Canker disease commonly affects blue spruce

  • Lamb’s Ears
Lamb’s Ears (Debbie Ricigliano, Baltimore…)
January 17, 2013|By Ellen Nibali, For The Baltimore Sun

I'm losing one blue spruce after another. Branches die at the base near the trunk, though tips stay green at first. Then it works its way up until the entire tree dies. It takes a few years. I don't see any signs of insects. They're planted on a hill in clay soil.

Cytospora canker disease is extremely common on blue spruce. This fungus targets blue spruce stressed by drought or poor site conditions. Spores invade through openings such as mower wounds. Older (lower) branches are more susceptible than younger ones. Symptoms include resin flow on dying branches that dries to flaky white patches, sometimes with black spots (spores) nearby. Fungicides are not effective. Pruning off infected branches can stop its progress up the tree, if the fungus has not gotten into the trunk. Remove any infected branches or trunks from the site. Call us or see our website for more information.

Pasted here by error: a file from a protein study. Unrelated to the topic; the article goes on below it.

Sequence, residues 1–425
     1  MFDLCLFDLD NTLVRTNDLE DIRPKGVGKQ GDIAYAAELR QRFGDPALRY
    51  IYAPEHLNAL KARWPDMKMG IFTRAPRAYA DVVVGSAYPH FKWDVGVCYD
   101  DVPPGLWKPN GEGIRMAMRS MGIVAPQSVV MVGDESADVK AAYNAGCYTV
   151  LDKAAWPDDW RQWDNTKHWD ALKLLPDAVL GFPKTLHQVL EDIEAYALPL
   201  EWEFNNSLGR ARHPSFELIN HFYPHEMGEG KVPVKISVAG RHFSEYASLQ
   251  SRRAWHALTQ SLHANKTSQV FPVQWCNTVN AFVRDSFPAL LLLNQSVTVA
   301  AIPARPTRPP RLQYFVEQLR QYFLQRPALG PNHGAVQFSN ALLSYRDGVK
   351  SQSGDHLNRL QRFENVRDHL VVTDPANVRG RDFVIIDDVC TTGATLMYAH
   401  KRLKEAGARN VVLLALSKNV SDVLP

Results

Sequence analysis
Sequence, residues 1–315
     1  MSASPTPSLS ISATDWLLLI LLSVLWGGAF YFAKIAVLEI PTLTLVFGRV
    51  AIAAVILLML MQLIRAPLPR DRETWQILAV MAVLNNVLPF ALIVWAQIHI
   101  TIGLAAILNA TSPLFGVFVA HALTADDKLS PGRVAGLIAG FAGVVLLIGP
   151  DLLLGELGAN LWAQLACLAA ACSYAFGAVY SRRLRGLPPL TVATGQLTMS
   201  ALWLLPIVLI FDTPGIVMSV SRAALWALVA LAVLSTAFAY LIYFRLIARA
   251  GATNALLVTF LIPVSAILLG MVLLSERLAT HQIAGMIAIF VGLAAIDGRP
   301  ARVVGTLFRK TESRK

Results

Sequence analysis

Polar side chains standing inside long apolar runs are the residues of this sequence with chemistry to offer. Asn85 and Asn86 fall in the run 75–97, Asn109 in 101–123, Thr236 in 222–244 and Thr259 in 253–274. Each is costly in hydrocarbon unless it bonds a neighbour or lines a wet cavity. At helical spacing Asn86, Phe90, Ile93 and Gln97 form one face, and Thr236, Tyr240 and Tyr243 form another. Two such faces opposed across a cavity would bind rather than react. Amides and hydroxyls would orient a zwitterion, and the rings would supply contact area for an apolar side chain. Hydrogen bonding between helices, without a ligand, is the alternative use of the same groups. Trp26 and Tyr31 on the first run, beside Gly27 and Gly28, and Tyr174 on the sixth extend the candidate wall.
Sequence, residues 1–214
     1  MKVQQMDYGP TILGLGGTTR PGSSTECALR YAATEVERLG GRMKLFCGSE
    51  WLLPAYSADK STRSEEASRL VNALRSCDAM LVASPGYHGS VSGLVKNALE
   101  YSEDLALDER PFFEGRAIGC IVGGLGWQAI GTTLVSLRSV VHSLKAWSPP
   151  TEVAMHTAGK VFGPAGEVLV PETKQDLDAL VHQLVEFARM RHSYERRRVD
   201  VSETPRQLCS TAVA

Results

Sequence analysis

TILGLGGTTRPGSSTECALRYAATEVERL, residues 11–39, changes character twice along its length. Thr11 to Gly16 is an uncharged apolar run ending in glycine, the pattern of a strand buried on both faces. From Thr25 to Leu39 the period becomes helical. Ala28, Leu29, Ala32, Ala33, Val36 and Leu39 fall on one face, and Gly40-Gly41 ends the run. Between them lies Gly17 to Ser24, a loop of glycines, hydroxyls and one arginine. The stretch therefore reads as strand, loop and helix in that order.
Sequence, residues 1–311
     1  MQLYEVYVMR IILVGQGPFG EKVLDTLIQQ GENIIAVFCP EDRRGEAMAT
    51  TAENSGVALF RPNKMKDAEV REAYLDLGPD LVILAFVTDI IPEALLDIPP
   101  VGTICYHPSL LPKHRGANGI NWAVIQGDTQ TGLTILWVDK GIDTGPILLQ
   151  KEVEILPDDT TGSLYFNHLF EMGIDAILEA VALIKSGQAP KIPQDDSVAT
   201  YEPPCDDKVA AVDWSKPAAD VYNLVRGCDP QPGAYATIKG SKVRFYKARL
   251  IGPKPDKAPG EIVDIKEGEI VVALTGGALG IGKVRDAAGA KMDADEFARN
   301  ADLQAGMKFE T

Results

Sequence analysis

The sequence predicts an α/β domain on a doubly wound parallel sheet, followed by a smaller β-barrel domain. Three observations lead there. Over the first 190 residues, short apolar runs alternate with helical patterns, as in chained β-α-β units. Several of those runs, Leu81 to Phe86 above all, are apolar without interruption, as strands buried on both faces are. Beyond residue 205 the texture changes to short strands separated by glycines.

Parts of my front yard are so full of compacted clay that neither weeds nor grass will grow. Can I till in some compost now, well before I plant in spring, or will I just be wasting time and money?

Winter soil is usually wet, because low air temperatures don't cause moisture to evaporate quickly. Working in wet soils containing clay can destroy soil structure, making it brick-like for years. Keep in mind that late August-early September is the best time to plant grass seed. Spring-planted grass often doesn't make it through the summer, which really wastes time and money. You can definitely do a soil test and add lime now (to unfrozen soil), then add organic matter in spring.

University of Maryland Extension's Home and Garden Information Center offers free gardening and pest information. Call 800-342-2507 or send a question to the website at

Plant of the week

Lamb's ears 'Helene von Stein'

Stachys byzantine 'Helene von Stein'

Don't let the tender fuzzy leaves of lamb's ears fool you. This silvery groundcover, grown primarily for its foliage, stays attractive in summer and winter. The soft velvet-like texture begs to be petted, making it perfect for a children's garden as well as perennial bed or edging. "Helene von Stein" is one of the best cultivars, with larger leaves, a higher tolerance of heat and humidity, and a tendency not to flower, so no deadheading is required. (Standard varieties have 18- to 24-inch spires of small violet flowers in summer.) Stachys takes full sun or partial shade, and well-drained soil is essential. It is deer-resistant and drought-tolerant. Spring division every 2-3 years is suggested. — Debbie Ricigliano

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